Lithium migration pathways at the composite interface of LiBH4 and two-dimensional MoS2 enabling superior ionic conductivity at room temperature†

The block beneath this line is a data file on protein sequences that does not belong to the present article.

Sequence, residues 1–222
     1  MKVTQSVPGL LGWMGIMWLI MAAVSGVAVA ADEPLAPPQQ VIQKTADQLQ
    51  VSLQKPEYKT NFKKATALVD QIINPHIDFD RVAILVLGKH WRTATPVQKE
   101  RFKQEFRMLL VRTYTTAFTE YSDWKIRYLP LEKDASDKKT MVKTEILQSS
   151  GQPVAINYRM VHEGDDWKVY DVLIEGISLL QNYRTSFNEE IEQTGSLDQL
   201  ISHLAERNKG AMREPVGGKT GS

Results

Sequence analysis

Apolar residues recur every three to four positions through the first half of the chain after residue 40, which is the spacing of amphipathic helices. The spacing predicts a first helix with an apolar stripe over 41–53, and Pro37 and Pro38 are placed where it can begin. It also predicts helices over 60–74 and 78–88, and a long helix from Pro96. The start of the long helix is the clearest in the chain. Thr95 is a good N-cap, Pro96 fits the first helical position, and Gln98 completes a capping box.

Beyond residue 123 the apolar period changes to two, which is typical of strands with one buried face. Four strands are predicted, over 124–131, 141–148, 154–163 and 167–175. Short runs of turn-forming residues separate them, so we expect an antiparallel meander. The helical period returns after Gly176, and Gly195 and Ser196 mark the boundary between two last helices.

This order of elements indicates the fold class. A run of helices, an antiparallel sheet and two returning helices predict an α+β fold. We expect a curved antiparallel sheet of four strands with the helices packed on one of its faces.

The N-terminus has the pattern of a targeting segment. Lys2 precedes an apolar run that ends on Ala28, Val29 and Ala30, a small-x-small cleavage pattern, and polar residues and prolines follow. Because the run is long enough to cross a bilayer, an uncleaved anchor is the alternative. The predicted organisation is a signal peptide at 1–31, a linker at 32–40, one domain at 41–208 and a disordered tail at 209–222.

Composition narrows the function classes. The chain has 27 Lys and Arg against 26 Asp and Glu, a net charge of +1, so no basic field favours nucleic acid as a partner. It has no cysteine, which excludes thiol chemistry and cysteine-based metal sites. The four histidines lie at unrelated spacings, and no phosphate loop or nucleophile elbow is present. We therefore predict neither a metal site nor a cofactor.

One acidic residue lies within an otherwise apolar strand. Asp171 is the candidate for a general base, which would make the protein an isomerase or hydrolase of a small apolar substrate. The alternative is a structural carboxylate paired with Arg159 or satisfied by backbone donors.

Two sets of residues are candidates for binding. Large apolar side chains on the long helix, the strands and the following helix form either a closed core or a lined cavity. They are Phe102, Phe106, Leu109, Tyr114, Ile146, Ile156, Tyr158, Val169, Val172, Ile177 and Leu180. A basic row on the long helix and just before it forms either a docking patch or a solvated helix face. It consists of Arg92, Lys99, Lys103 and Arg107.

LiBH4 is one of the most promising solid electrolyte materials for use in solid-state batteries because its hexagonal phase above 110 °C offers Li-ion conductivity of almost 10−3 S cm−1. However, near room temperature, its orthorhombic phase delivers Li-ion conductivity of only 10−8 S cm−1, which considerably hampers its further applications. In the present study, a highly disordered interface between LiBH4 and two-dimensional MoS2 in the composite material was formed, yielding ionic conductivity of 10−4 S cm−1 at room temperature. LiBH4 and MoS2 are found to be in close contact without the formation of any intermediate phase at the interface. First-principles calculations employing density functional theory (DFT) and the nudged elastic band (NEB) method reveal that the migration energy barrier on three specific pathways could be established via microstructure analyses. It was found that the interface between the two phases yields the lowest Li-ion diffusion barrier among all the possible Li-ion pathways; further, the superior conductivity of the composite could be attributed to the interface with high Li-ion conductivity. This study proposes a new strategy for designing solid electrolytes and provides certain possibilities for two-dimensional materials to serve as superior solid electrolytes.